Infectious diseases can be transmitted through surfaces (see figure below). Surfaces can include a range of commonly touched objects such as tabletops, doorknobs, toys, light switches, and other objects. Generally speaking, the likelihood of disease transmission through surfaces depends on the following factors:

  • Amount of pathogen (virus) shed by infected individuals

  • Virus survival on surfaces

  • Rate of transfer from surfaces to hands and mouth/nose/eyes

  • Number of viruses required to cause disease (infectious dose)

  • Resistance of the virus to disinfection

This review provides a synthesis of the mechanisms involved in surface-mediated virus transmission, including evidence related to SARS-CoV-2 .

While SARS-CoV-2 transmission via surfaces is possible, the scientific evidence available to date suggests that the primary transmission route for SARS-CoV-2 is airborne (as outlined in this Lancet comment) and that contaminated surfaces present a low risk (as noted in this Science Brief by the US CDC).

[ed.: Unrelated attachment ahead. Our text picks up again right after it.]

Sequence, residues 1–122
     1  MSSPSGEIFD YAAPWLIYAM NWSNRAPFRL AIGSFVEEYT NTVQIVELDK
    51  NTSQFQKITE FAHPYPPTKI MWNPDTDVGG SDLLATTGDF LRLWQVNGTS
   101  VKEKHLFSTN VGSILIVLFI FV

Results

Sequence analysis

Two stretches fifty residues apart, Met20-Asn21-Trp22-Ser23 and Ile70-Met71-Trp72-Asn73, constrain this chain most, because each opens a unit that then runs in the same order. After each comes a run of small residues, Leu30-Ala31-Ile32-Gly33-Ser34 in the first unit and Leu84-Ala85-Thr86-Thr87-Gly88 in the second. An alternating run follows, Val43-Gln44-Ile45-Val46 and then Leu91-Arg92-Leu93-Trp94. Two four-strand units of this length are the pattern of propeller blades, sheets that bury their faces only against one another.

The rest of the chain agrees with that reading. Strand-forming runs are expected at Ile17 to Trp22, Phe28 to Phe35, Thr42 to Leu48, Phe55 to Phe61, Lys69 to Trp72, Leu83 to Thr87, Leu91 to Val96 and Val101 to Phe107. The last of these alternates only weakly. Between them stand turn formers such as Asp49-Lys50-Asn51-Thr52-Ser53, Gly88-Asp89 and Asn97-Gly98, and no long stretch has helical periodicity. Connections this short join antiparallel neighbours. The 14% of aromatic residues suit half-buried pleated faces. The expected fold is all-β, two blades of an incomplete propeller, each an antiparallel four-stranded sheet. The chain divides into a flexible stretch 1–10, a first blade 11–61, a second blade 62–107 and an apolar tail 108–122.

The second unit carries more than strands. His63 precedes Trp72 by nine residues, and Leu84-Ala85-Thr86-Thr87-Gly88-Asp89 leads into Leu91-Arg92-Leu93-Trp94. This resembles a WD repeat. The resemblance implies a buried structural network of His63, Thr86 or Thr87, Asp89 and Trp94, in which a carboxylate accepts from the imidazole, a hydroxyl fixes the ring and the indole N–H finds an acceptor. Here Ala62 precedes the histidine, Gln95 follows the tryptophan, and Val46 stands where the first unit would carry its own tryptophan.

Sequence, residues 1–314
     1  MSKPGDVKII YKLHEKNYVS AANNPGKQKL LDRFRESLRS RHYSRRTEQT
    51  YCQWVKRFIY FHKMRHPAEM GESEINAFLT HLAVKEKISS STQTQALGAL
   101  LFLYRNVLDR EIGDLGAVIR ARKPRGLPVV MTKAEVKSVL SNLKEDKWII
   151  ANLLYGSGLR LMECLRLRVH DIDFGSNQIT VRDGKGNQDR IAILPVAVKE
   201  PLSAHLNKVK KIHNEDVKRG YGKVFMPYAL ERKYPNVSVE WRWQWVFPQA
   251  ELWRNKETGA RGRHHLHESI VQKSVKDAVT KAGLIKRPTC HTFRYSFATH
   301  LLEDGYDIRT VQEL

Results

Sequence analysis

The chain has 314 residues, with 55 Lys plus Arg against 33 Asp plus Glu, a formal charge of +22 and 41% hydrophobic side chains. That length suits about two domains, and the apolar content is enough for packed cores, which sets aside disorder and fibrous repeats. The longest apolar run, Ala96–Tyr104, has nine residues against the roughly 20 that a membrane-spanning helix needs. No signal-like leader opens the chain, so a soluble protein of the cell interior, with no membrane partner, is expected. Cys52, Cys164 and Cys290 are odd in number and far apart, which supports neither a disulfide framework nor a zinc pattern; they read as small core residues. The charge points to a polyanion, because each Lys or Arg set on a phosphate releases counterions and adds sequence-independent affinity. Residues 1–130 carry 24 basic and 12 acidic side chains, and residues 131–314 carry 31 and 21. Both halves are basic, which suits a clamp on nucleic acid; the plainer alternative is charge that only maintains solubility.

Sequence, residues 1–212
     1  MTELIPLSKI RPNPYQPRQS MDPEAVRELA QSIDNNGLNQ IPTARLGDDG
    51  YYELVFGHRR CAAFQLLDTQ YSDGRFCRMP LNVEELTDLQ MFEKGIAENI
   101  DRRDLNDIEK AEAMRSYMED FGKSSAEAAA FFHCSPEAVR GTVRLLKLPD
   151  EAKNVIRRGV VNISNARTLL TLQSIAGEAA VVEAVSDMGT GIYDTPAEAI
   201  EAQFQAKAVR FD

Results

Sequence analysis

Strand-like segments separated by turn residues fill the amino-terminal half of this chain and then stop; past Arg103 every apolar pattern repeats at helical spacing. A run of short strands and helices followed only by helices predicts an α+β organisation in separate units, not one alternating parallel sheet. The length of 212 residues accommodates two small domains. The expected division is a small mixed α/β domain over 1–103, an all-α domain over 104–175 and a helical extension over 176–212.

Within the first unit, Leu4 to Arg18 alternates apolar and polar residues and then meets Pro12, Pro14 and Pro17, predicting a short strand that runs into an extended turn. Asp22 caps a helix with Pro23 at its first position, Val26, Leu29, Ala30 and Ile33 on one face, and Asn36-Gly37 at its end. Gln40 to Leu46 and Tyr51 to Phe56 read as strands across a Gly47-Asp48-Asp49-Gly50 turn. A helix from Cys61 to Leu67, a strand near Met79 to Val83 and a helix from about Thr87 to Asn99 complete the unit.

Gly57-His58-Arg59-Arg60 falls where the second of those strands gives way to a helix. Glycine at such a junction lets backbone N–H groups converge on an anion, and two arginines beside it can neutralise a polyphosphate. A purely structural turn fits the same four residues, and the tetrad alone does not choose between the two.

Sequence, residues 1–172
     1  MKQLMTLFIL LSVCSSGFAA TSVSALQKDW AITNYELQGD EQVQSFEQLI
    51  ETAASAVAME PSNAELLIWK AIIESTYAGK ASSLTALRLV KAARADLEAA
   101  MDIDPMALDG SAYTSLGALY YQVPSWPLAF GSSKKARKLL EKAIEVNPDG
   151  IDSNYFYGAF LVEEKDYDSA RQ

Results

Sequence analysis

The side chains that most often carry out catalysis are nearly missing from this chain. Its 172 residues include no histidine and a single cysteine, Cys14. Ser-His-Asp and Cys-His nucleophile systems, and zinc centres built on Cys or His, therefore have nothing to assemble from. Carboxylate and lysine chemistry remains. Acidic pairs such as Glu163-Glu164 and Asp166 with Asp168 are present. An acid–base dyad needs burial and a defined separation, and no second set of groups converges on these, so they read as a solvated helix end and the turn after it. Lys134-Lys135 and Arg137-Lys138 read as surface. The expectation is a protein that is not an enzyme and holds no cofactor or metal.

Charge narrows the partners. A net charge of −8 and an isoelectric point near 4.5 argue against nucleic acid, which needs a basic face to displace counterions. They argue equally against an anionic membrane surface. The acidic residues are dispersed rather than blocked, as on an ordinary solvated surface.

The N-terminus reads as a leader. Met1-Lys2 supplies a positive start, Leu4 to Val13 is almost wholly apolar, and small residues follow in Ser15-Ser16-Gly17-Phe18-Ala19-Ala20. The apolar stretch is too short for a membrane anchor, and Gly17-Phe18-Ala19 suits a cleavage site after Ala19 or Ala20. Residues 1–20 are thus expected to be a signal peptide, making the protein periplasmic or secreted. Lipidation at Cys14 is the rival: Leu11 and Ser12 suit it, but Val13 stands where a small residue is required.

Surface-mediated transmission. Adapted from: Julian, 2010.

Source: Fomite Transmission, Physicochemical Origin of Virus–Surface Interactions, and Disinfection Strategies for Enveloped Viruses with Applications to SARS-CoV-2

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Editor's Note

Author: Karin Gallandat
Review: Karen Levy, Jacqueline Knee, Sian White, Robert Dreibelbis
Last Update: 29.07.2021

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